A future of Sri Lankan cinema moulded, shaped and tutored by world renowned film teachers from Hollywood would bloom once again at the Punchi Theatre on the evening of August 12 when a group of 40 kids setting aside their racial, religious and linguistic differences to work for one aim- to tell their fascinating stories through cinema.
The ten-day film workshop conducted from August 3 at the tranquil and spacious Sarvodaya centre in Bandaragama, will come alive to the spirit and energy of young people of diverse ethnic, linguistic, religious and social backgrounds, as they express their creativity through the medium of film.
The programme was following the successful story of last year’s workshop created, funded, and organized by the U.S. Embassy with assistance from the Galle Film Festival.
“The goal is to make this an annual event to develop creativity among Sri Lankan youth and to bring together young people from all over the island to work together and learn about one another,” said one of the organisers Damita Nikapota, festival director and co-founder of the Galle Film Festival.
Embracing the idea of education and co-existence through the universal language of art this year’s workshop programme features two, 10-day film camps with a total of approximately 80 young people ranging from14 -17 years of age drawn from Kalutara, Trincomalee, Anuradhapura, Hambantota, Matara, Bandarawela, Galle, Badulla, Batticaloa, Moneragala, Amparai, Puttalam and Jaffna districts.
The second of the film camps will be held from August 14 to 24 at the Sudharshan Conference Centre on the scenic Rumassala Hill, overlooking the expanse of Galle Bay and the programme draws to a close on August 24 with the screening of the workshop productions at the historic Maritime Museum in the Galle Fort.
“Some of the films were quite beautiful, because they switched seamlessly from Sinhalese to Tamil and from Tamil to Sinhalese - the kids had decided that it would be unfair for it to be in one language,” says Damita Nikapota speaking about last year’s experience. Inspired by similar programs conducted in the Middle East for Israeli and Palestinian kids, Damita wanted to workout in the Sri Lankan context.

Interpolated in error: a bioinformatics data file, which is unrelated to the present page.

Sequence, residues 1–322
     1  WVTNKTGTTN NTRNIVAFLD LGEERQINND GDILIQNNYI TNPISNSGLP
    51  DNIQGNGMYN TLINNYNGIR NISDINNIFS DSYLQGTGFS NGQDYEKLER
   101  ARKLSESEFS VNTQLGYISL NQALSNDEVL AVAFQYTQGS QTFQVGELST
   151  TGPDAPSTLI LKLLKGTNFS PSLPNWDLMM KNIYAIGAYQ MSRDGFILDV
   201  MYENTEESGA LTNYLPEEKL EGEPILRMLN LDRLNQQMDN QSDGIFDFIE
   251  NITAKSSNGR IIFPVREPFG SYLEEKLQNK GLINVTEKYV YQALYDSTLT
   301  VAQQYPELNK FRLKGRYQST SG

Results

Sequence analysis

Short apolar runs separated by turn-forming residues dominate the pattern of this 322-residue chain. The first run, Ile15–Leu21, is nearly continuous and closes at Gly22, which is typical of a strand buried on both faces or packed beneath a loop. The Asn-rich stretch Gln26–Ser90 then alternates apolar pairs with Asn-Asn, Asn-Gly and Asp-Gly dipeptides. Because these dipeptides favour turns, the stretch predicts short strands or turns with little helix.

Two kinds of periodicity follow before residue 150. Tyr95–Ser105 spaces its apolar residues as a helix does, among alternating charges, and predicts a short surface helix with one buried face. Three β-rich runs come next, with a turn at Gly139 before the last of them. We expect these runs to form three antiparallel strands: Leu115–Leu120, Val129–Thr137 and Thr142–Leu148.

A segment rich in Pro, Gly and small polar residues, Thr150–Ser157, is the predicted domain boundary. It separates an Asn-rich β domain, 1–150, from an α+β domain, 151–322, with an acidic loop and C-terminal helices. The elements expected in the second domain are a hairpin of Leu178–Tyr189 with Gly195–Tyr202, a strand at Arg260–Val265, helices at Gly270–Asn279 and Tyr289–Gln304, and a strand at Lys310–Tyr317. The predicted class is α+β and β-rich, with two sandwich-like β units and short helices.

Highly respected American acting coach Constance Tillotson from Hollywood collaborated with Sri Lankan film artiste, Kasinathar Gnanadas and a team of trilingual volunteers who have once again returned to the film camp collaborating with Toronto based director Maya Bastian and local filmmakers Buddhini Ekanyake, and Dhanushka Gunathilaka to co-ordinate the workshop programme.
“Through the film-making process I witnessed the children’s spirits grow in confidence, humour and freedom of expression.” looking back at last year’s camp, Constance said.
“What blew me away was that, I worked with great actors in Hollywood and sometimes it was very difficult for them to take direction but with these children I would give acting direction or advice on set and they’d redo the scene, taking the directions like experts.
It would take a discussion with actors from Hollywood who speak my own language to understand what I wanted in the scene but these children were taking direction like 30- year-old pros. It was amazing to be witness to it, and it was so beyond language,” she added.